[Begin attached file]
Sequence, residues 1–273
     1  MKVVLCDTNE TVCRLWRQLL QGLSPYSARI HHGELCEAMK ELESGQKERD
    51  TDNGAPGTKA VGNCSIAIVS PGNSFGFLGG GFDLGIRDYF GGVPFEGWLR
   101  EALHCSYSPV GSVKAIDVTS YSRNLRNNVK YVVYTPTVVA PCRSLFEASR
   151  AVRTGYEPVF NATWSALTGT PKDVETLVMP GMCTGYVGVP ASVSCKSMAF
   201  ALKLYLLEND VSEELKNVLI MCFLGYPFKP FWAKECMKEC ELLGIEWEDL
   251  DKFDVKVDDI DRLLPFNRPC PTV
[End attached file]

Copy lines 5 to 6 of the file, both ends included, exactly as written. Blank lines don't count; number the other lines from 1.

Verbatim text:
   151  AVRTGYEPVF NATWSALTGT PKDVETLVMP GMCTGYVGVP ASVSCKSMAF
   201  ALKLYLLEND VSEELKNVLI MCFLGYPFKP FWAKECMKEC ELLGIEWEDL